Name : Ram Abhilash Patel
District & State : Allahabad, Uttar Pradesh
Category : Herbal products
Award : Appreciation
Award Function : 2nd National Grassroots Innovation Awards
Award Year : 2002
Ram Abhilash Patel (48) is a resident of Jasra, Allahabad. He studied upto the intermediate and spent all his childhood in the village involved in agriculture, which is his family occupation. He has his own farmland in Jasra where he pursues his farming activities. Patel is quite Internet savvy and has an e-chaupal installed in his house. He lives with his parents, his wife and children (two sons and a daughter). Ram Abhilash also has plans to devise a mechanism to use Gobar gas instead of the normal LPG in gas cylinders for preparing food.
Ram Abhilash got the idea of this method from within the household. He noticed that when children made clay pellets just for fun, they start germinating in the rainy season. This inspired him. He faced a lot of problems in finding the right kind of soil namely clay for this method. This was required because other soils break under pressure, while he had to ensure that the pellets remain as such during sowing and germination. But his family backed him right throughout the innovation. This method has been tried and tested in his land in the village. He has been practising this technique since 1994 and some more farmers (around 10) in his neighbourhood have also started practicing the same. He plans to start a business using this method if some financial help is provided.
The crop production of paddy depends on the way the plants are sown. Ram Abhilash Patel has developed an innovative way of sowing paddy using clay pellets.
In this method, pellets (mixture of pond soil and paddy seeds) are prepared and these pellets are ready for sowing after drying. The pond or river soil is taken and mixed thoroughly with paddy seeds. When the mixture is ready, then small pellets are prepared with each containing 3-4 seeds. The pellets can only be prepared in the month of April and May so that they dry within 2-3 hours; otherwise if it takes more time for drying then there is a risk of the seeds getting germinated and thus getting spoiled. Pond soil is used as it is very fertile and helps in minimizing weeds. These pellets can be sown manually or with the help of a seed drill but manual practice is followed, as seed drills are not available for this size of pellets. Rows are made facing east to west or vice-versa so the plant will get ample air and sunlight. Normally in a family these pellets are prepared by women and children and after drying these can be stored for about a month.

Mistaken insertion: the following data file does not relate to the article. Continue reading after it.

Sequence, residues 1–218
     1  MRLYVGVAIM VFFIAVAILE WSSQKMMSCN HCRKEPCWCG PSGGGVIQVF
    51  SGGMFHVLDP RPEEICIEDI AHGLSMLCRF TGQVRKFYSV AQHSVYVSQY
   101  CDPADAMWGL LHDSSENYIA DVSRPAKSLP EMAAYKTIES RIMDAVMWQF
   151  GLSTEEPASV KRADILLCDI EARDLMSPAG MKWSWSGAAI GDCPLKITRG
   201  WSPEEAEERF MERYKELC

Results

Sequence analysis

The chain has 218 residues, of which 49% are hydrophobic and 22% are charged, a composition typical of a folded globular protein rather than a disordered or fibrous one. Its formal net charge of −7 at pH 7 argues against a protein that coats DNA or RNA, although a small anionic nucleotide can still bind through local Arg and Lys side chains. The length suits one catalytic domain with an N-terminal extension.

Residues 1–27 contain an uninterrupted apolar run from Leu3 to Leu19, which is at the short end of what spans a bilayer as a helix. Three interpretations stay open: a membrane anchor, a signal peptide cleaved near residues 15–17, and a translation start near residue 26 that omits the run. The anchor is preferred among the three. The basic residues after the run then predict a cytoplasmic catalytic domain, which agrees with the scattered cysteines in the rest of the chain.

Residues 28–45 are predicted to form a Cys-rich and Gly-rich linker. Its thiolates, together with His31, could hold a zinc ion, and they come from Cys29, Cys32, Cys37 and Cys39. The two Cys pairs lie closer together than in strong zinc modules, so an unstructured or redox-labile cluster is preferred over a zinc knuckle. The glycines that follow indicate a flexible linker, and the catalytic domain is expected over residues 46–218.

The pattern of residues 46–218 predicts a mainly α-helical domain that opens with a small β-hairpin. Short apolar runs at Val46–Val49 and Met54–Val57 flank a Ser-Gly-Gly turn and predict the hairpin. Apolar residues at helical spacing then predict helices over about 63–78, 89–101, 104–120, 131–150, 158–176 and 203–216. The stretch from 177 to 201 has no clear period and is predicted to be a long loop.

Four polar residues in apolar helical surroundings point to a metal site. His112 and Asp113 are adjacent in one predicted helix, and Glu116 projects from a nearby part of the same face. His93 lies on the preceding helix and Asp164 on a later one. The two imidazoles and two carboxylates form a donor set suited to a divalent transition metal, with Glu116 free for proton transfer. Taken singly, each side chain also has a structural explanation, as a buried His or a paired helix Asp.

This novel method saves both time and money. There is no need to prepare a nursery for paddy plants. By using the nursery method, the crop takes approximately 160 days to mature while using this technique it takes about 145 days. With this method farmers need not wait for monsoon to start sowing. As pond/ river soil which is very fertile is used to prepare the pellets the use of fertilizers is minimized. As the seeds are in a mud shell they are protected from birds etc. The process also saves water as no standing water is needed in the field. Most importantly the output is maximized by this method, which Ram Abhilash has proved experimentally by cultivating paddy in a field by all three methods namely pellet, nursery and direct sowing. The paddy production using these methods was 17 quintals, 15 quintals and 14 quintals respectively.